The story of the Florida housing market continues to be one of the foreclosures and distressed sales. The expectations are that over one million distressed homes will hit the market over the next year or so. This backlog of distressed homes leads to the expectation that this increase in inventory would cause prices to plunge.
However, despite some continuing foreclosures, bank-owned homes have not hit the Florida housing market in large numbers. It appears that many, perhaps most foreclosures, are in the past. In fact, prices have increased as some real estate companies have fewer properties available this year than last. Of the available homes, surprisingly few are foreclosed homes in Broward County, Palm Beach County, and Miami Dade County.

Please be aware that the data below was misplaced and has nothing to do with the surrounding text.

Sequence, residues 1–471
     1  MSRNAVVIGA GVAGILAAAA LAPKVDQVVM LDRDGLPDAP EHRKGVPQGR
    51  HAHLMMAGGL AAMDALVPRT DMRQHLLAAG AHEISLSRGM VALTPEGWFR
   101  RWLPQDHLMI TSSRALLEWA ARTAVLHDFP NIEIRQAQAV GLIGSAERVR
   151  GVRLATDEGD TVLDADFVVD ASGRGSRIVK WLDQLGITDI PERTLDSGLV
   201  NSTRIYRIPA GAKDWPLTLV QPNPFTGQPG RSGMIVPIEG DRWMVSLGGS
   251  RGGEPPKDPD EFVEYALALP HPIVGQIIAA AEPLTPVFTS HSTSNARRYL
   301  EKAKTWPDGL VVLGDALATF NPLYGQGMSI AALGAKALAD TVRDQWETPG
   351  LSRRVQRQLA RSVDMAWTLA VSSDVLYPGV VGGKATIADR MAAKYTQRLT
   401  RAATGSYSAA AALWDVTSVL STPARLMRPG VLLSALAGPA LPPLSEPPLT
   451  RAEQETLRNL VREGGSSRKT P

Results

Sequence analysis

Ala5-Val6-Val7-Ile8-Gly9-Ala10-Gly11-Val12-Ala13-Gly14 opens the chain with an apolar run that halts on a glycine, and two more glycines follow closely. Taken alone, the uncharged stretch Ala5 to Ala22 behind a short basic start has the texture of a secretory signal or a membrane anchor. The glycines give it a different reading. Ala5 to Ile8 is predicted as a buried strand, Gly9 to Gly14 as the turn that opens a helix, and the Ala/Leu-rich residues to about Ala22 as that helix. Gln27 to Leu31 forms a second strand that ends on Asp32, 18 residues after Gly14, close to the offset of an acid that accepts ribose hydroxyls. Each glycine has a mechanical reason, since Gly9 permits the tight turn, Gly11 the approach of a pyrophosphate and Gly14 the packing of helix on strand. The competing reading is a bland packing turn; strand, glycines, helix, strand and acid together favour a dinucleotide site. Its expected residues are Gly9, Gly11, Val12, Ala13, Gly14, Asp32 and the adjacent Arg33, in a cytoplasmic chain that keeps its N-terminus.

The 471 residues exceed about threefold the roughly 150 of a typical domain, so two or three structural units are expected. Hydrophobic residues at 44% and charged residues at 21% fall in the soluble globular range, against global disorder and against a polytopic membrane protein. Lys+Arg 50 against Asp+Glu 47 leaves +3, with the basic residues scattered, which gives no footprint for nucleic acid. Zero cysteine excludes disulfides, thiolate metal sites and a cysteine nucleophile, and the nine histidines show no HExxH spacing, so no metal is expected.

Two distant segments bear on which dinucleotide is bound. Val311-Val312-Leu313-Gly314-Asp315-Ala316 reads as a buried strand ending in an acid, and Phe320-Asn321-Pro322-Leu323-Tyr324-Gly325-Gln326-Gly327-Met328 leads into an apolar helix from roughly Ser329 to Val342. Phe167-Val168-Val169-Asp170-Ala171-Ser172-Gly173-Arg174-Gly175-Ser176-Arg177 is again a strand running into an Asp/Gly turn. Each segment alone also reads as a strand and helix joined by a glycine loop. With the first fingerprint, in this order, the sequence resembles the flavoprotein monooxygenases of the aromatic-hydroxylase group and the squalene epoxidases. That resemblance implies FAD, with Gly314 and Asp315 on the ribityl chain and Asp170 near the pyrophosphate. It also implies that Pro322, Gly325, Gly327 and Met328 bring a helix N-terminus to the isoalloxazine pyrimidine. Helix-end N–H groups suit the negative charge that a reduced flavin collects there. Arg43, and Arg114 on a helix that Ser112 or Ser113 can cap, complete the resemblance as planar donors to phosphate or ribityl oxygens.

Prices may very well fall when distressed homes reach the end of the foreclosure process. And, when banks strategically release their stockpile of inventories. Still, with many homes simply tied up in a nearly three-year-long foreclosure process, it’s difficult to predict the future of Florida’s residential real estate market. Increasingly, banks are skipping out on the process by negotiating a settlement to modify mortgages or approve a short sale; costing money but saving time in the process.
The slowdown in foreclosures is likely due to the Robo-signing scandal. This is when companies admitted to cutting corners and using false documents in the foreclosure process for thousands of homes. Meanwhile, the Florida Supreme Court is set to rule on whether the banks can re-file proper paperwork for bad foreclosures. The decision will have significant consequences for real estate prices in the state.
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